Three quarters of Conservative peers and 67% of cross-benchers surveyed in a poll say the government should call a halt to its plans to introduce equal marriage for England and Wales, according to ComRes.

Its poll of peers has been carried out for the Coalition for Marriage (C4M) – the UK’s main lobby group that opposes equal marriage.

According to the results, 56% agreed with the statement that the government should “not proceed” with the changes if the consultation does not show “broad support”.

When asked whether the measure should simply be shelved until after the next election irrespective of the consultation results, opinion was finely balanced with 46% in favour and 49% against.

Three quarters of Conservative peers and 67% of cross-benchers polled favoured a pause but only 15% of Liberal Democrats did so.

In November, YouGov Associate Director Anthony Wells criticised same-sex marriage polls that feature agree/disagree statements; the trait has repeatedly been incorporated into polls commissioned by C4M.

Mr Wells wrote on his blog that the majority of polls conducted on equal marriage to date show “that the balance of opinion is broadly positive towards it.”

In the past year, ComRes have published several polls showing contradictory results over the issue. The vast majority for C4M have shown public opinion to be against equal marriage.

Yet, on Boxing Day, ComRes released a poll commissioned by the Independent showing that 62% of people believe the Church of England should host same-sex marriages.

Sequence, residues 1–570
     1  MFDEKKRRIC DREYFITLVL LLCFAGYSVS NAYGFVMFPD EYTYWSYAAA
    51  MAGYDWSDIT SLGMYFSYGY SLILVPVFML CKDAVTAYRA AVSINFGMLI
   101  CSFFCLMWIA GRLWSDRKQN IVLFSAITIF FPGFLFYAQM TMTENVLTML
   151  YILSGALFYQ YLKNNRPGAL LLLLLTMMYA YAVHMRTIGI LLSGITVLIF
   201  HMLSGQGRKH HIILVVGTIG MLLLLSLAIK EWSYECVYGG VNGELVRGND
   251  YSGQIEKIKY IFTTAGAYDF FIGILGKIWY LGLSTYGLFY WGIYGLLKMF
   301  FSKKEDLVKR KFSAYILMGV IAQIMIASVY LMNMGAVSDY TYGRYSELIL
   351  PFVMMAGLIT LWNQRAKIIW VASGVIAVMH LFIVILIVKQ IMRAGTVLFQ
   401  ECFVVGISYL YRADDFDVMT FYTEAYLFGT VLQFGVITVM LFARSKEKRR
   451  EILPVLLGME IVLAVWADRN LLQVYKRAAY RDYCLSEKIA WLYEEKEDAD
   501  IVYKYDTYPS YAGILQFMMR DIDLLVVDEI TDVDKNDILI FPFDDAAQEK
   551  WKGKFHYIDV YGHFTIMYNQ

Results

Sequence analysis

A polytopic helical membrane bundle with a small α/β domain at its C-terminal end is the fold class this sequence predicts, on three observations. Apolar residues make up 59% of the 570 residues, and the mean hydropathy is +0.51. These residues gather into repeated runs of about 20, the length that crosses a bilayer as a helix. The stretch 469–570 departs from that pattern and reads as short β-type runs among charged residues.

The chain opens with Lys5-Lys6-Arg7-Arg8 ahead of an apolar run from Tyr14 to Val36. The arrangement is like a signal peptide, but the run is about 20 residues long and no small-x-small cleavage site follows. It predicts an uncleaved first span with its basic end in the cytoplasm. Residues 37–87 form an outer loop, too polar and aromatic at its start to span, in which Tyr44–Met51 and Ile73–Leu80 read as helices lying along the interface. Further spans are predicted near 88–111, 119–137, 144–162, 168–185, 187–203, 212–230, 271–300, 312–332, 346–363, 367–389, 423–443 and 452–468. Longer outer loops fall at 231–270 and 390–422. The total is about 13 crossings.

On Tuesday 11 December, the government released the results of its public consultation on the reform, which showed 53% are in favour of the introduction of equal marriage.

On the same day, Culture Secretary Maria Miller confirmed that full marriage equality – including allowing religious organisations to provide same-sex weddings – would be introduced for gay couples living in England and Wales in 2013.

However, the Church of England and the Church in Wales would be banned from doing so.

Mrs Miller has also refused to rule out using the Parliament Act in order for the government to get its planned equal marriage legislation on the statute book, if it’s rejected in the Lords.

Meanwhile, a separate poll of MPs found that two thirds of members of the Commons are opposed to using Parliament Act to get the legislation through if it is blocked in the Lords.

Despite predictions that almost half of Tory MPs will vote against equal marriage in a free vote, the proposal is likely to secure a majority in the Commons with the support of Labour and Liberal Democrat members.

In a bid to quash incorrect claims about the lack of a manifesto pledge, the Conservative Party’s LGBT group wrote to all 303 Tory MPs in December calling on them to support equal marriage rights for gay couples.

David Cameron’s popularity among LGBT voters has risen since he backed equal marriage, according to a PinkNews.co.uk poll published in the same month.